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QUESTION: I was listening to a health guru-type guest on a radio talk show recently and when a listener called in and asked her opinion on the blood-type diet she scoffed. She claimed that horses, for instance, have at least 12 blood types but they all consume the same foods. I know people aren't horses but humans are animals, ultimately. I don't have the research background to respond to her criticism. Can you help?
ANSWER: Your critic doesn't have the actual number of blood groups in the horse correct and I would expect under these circumstances that the basis of blood group effects in human (gene linkage) might be as lost to her as well.
There are eight recognized blood groups in the horse: A, C, D, K, P, Q, T, and U. (These are similar to A, B, AB, and O groups found in humans). However, unlike our blood types, each of the horses' blood groups can exist in one of several forms. For example, to say that a horse has type A blood is not enough because type A may mean type aA1, type aA', type aH, type aA'H, or type a. And, in addition to having a blood type from the A family, a horse may also have a type from each of the other seven groups.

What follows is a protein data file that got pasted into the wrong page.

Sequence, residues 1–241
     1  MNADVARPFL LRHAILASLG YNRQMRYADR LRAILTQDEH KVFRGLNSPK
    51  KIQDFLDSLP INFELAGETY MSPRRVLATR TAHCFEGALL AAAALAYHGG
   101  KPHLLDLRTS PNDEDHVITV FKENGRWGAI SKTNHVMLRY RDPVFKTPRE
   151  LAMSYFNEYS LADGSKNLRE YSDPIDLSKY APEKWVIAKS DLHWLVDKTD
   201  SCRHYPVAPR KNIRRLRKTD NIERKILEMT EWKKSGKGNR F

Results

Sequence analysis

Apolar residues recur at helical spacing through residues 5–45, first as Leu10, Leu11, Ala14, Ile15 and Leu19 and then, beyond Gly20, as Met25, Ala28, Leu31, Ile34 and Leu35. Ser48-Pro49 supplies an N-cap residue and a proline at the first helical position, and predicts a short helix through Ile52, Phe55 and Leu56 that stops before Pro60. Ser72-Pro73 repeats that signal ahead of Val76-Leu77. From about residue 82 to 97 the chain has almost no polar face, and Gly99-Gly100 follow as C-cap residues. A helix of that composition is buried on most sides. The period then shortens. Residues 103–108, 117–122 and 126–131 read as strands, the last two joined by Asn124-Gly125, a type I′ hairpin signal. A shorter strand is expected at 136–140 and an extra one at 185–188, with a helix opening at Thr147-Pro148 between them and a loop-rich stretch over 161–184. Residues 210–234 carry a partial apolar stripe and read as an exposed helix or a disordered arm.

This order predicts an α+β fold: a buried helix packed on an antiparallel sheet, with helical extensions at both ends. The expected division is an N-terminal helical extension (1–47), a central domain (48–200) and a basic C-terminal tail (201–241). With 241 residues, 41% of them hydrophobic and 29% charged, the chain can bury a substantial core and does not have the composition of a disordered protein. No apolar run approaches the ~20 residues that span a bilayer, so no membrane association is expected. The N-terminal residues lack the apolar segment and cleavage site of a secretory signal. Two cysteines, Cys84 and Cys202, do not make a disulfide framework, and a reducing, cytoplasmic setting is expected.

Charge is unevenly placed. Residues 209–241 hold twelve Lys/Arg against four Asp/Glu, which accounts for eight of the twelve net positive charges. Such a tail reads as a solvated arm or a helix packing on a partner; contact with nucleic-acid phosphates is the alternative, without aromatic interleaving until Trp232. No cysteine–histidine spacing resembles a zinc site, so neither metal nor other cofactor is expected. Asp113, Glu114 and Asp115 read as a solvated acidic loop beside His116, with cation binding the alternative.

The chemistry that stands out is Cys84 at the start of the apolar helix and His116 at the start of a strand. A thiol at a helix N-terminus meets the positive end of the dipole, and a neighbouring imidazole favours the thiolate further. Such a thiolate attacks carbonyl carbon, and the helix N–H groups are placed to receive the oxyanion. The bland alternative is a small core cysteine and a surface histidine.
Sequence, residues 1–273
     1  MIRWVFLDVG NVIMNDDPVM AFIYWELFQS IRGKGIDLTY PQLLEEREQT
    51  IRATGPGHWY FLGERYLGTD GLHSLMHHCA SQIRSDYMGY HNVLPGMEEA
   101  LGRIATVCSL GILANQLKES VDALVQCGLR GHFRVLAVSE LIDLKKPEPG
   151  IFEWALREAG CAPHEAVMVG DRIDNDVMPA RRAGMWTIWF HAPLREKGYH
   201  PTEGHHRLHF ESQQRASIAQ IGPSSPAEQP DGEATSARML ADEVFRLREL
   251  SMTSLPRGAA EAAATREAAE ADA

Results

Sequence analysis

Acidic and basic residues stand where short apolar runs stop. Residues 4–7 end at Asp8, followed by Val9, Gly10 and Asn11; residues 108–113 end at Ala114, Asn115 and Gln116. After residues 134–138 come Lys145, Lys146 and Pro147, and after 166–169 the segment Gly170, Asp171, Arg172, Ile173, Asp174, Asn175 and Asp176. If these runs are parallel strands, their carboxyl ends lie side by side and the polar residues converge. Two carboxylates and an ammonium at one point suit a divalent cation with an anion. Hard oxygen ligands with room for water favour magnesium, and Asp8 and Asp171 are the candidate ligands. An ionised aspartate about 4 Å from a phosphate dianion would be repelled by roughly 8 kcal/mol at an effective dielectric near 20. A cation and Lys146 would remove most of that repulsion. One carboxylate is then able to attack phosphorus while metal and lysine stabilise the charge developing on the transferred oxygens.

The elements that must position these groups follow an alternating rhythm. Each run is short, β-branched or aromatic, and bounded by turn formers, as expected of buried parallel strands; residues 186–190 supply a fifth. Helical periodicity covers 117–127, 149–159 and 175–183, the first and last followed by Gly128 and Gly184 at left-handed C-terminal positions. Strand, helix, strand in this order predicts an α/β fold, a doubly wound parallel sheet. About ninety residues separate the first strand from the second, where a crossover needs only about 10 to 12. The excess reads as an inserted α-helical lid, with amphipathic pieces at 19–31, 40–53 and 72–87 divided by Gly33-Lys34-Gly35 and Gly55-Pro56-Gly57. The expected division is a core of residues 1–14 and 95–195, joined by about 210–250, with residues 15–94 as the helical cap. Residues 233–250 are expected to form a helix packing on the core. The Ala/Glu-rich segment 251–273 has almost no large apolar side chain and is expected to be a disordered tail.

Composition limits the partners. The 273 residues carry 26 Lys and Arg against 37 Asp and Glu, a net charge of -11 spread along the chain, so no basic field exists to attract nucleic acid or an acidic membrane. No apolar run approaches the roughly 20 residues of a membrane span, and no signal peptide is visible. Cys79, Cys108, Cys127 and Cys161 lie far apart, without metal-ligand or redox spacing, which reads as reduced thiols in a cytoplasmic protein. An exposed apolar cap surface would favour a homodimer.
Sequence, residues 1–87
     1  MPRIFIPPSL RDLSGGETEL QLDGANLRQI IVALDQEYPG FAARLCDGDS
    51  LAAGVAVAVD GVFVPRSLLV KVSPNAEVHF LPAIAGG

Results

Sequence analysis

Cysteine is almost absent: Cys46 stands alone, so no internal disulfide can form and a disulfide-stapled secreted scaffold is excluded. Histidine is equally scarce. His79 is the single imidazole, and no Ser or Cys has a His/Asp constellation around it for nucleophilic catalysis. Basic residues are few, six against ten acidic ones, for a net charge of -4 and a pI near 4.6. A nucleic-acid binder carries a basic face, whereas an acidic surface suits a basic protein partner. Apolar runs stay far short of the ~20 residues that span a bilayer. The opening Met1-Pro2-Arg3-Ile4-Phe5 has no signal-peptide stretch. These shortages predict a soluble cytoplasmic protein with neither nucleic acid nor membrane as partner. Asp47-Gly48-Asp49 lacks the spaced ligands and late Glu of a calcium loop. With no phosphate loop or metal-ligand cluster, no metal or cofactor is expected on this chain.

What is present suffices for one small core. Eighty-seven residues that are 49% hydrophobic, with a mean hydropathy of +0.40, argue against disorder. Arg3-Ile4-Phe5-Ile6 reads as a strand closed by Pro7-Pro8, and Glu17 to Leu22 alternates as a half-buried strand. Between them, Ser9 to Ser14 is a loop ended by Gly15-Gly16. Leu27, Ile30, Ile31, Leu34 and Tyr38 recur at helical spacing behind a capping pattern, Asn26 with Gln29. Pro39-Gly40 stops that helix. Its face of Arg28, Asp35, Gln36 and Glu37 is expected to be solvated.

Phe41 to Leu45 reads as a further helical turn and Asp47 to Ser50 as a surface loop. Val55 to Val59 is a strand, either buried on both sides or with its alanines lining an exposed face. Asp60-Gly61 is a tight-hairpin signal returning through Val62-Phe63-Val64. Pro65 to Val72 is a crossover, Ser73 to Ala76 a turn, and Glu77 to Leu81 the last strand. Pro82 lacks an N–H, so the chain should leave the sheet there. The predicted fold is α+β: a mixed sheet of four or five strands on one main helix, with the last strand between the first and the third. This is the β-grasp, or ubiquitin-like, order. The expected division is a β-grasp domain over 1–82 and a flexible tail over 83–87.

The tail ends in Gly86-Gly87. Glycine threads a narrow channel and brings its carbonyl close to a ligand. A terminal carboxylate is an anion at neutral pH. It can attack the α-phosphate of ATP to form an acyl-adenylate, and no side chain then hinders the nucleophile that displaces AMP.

Almost all species (including even primitive life forms such as bacteria and parasites) have some blood group expression; however they vary greatly in the degree of genes linked to ABO that convey any physical variations.
This is where the effects of blood group in humans places them in a special category: ABO genetics influence stomach acid and intestinal enzyme production probably because their levels are linked to the ABO gene locus, but this is probably a specific linkage found only in humans.
Since the gene for blood group is found on entirely different chromosomes in various animal species, one could only expect that differences in physiology linked to blood group would be different as well. A black colored hair coat is found in many pigs who are group O blood; obviously this is not a phenomena shared with humans.